Is it necessary to believe in God in order to be moral and have good values?

The answer seems obvious, at least to this nonbeliever: of course not. After all, this isn't a question about where morality ultimately derives - whether it is innately "God given" or borrowed from religious tradition. This isn't even a question about who is more moral - Muslims or agnostics, Hindus or atheists. No, this is about whether nonbelievers even have the capacity to be moral or have good values.

As someone who is on the organ donation register and abstains as best he can from war crimes, I'm rather convinced we do. To suggest otherwise would seem to demonstrate a profound lack of empathy towards a significant proportion of mankind.

Nevertheless, the idea that morality is the exclusive preserve of the religious is quite pervasive, and dates back to at least the Old Testament:

The fool hath said in his heart, There is no God. They are corrupt, they have done abominable works, there is none that doeth good.

In case you thought religious people had moved on from this view, a report released this month by the Pew Research Centre suggests otherwise. Indeed, it remains the majority opinion in poorer countries (with the exception of China) and is also shared by large numbers of people in richer countries (53 per cent in America and 23 per cent in Australia).

It's worth considering exactly what the participants in the survey were asked:

Which one of these comes closest to your opinion?

1) It is not necessary to believe in God in order to be moral and have good values; or

2) It is necessary to believe in God in order to be moral and have good values

Note that respondents were asked to identify which of these diametrically opposed propositions came closest to their opinion. It's possible then that at least some of the people who responded "it is" actually have slightly more nuanced views - for instance, maybe they believe it is necessary to believe in God in order to be moral as a general rule, or that nonbelievers can be moral in their own way, but not in the correct way prescribed by their religion.


Meanwhile I have no idea but I believe there is a FAKE market research going on at the moment under the name of "Aussie Choice  (Market Research)" I have tried to trace the name of this company on the net and it apparently does not exist under a recognisable format. The questions start with the obvious doozy : "Do you think you pay too much tax?"  Well I suppose everyone is going to say "yes" and move on to the next doozy... Don't answer anything. It is most likely that they ring from Melbourne-Mumbai, this town lodge in India. I could be wrong but I don't smell a genuine questionnaires. They did not get anything from me or my neighbours (because apparently they are doing a specific research "IN OUR AREA". Ringing MOBILE phones does not sound locally good)...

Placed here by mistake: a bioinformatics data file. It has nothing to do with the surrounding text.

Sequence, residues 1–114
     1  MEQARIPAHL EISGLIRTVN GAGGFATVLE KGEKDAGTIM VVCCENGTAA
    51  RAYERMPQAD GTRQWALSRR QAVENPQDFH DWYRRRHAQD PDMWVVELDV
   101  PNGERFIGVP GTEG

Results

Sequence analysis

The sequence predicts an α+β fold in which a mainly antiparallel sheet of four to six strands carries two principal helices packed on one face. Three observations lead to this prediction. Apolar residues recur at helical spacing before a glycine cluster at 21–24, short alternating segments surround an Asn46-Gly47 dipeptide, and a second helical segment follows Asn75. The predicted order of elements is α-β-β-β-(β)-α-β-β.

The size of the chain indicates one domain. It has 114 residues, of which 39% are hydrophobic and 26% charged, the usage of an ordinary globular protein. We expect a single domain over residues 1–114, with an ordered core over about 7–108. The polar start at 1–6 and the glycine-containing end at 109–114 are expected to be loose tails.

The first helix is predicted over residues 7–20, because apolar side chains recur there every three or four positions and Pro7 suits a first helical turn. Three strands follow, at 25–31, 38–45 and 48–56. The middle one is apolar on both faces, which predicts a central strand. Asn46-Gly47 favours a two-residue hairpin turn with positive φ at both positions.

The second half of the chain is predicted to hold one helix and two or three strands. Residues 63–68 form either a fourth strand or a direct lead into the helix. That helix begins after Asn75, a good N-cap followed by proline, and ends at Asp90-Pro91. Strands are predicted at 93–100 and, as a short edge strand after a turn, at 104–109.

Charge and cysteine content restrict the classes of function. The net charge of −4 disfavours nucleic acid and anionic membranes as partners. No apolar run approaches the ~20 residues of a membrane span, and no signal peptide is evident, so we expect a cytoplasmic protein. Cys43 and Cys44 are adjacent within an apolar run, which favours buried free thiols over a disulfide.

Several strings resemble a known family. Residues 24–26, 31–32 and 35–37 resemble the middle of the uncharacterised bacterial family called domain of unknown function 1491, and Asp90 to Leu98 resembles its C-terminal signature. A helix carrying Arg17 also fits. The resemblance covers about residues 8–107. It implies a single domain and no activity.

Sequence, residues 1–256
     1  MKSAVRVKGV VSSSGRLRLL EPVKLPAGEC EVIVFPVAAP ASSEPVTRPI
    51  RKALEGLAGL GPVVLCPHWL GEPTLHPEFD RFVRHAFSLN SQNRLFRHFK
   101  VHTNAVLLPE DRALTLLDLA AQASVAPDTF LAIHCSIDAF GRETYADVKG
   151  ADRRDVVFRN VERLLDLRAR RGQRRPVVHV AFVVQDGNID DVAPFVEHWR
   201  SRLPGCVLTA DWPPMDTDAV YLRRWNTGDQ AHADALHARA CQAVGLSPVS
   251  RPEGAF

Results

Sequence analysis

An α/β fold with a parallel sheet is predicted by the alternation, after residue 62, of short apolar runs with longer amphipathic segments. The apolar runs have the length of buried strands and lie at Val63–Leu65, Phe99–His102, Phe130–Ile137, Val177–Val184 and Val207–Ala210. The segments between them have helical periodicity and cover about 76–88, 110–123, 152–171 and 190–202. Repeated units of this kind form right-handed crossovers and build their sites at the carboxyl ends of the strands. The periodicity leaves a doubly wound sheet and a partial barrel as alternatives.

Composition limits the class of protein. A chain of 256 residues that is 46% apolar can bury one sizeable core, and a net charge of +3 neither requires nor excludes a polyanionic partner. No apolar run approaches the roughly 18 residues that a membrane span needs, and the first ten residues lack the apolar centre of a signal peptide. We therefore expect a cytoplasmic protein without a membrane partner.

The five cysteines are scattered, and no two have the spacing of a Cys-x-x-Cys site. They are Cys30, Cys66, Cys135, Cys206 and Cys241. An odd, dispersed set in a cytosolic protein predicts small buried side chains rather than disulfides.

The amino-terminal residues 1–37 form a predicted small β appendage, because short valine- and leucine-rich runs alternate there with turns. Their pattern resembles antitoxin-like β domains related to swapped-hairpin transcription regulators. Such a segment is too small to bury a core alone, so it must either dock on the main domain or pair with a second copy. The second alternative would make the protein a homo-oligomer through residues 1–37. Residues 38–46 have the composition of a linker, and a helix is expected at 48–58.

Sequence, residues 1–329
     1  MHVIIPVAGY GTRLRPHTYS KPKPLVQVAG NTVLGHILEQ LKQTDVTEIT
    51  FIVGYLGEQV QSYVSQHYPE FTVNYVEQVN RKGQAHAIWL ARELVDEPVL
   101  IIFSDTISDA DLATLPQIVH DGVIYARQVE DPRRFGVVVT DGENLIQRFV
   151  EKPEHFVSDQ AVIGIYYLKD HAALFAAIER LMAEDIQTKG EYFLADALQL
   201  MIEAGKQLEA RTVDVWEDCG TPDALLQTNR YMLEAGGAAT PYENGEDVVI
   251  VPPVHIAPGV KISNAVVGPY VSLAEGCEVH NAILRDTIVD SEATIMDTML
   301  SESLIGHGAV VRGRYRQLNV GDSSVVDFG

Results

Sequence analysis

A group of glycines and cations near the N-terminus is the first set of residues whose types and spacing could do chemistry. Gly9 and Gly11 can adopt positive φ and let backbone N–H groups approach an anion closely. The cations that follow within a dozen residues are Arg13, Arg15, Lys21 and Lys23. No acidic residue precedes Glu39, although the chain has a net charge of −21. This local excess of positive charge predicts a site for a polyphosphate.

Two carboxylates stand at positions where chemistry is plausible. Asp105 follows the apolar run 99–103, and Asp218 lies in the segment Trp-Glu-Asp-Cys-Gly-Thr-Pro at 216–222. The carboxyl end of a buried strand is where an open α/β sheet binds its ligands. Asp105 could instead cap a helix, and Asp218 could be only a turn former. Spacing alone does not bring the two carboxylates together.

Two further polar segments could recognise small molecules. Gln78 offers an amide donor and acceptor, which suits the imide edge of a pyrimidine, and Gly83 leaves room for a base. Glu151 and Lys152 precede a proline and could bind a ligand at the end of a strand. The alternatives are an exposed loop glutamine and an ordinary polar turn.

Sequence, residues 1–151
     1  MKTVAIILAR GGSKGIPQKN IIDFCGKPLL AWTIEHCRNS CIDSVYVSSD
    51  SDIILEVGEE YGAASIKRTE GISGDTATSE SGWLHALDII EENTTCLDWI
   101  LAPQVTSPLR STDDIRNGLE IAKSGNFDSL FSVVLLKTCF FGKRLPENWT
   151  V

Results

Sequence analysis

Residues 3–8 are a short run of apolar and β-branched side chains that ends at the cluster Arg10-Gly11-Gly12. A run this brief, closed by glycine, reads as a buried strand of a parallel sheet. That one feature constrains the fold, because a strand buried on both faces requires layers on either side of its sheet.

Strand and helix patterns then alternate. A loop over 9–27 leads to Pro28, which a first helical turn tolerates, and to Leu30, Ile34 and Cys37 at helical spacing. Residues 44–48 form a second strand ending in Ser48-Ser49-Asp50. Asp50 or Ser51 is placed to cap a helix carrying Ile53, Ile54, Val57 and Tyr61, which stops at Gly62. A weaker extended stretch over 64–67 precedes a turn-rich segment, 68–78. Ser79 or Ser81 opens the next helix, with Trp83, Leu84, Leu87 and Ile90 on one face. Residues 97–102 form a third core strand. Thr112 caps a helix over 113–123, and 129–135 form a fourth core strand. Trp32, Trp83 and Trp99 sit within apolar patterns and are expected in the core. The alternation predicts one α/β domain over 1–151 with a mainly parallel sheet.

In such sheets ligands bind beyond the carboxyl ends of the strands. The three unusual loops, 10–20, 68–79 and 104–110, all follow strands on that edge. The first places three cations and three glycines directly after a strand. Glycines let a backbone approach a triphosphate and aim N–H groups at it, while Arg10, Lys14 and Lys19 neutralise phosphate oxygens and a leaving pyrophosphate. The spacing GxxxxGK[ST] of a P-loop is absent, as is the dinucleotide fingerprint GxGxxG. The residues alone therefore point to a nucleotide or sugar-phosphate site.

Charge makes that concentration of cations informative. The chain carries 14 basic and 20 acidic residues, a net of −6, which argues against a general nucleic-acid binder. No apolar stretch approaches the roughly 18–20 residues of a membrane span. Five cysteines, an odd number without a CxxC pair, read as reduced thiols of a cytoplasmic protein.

See story at top.


religion and politics don't mix...

In recent years, Americans have grown increasingly skeptical of the role of religion in politics. According to the Pew Research Center, the share of Americans saying there is "too much" expression of faith and prayer by politicians crept up from 12 percent in 2001 to 38 percent in 2012, enough for a plurality. Most now say that churches should keep out of political matters, and a majority agree that "religious conservatives have too much control over the GOP."

Against this backdrop the Secular Coalition for America, a nonprofit group with a mission to "raise the profile of secular Americans" nationwide, released its rankings of how much — or little — legislators have supported the notion of church/state separation in the 113th Congress. Representatives were scored according to their votes and sponsorship of 14 bills related to church-state issues, including a measure in support of prayer in schools, a bill to amend the Constitution to prevent gay marriage, and a bill to eliminate funding for abstinence-only sex-ed. You can see the full list of bills at the Coalition's Web site.

the old religious accident trick...

A 21-year old man has died after being crushed by a crucifix erected in honour of Pope John Paul II in northern Italy.

Marco Gusmini was killed instantly and one other man taken to hospital, Italian media reported.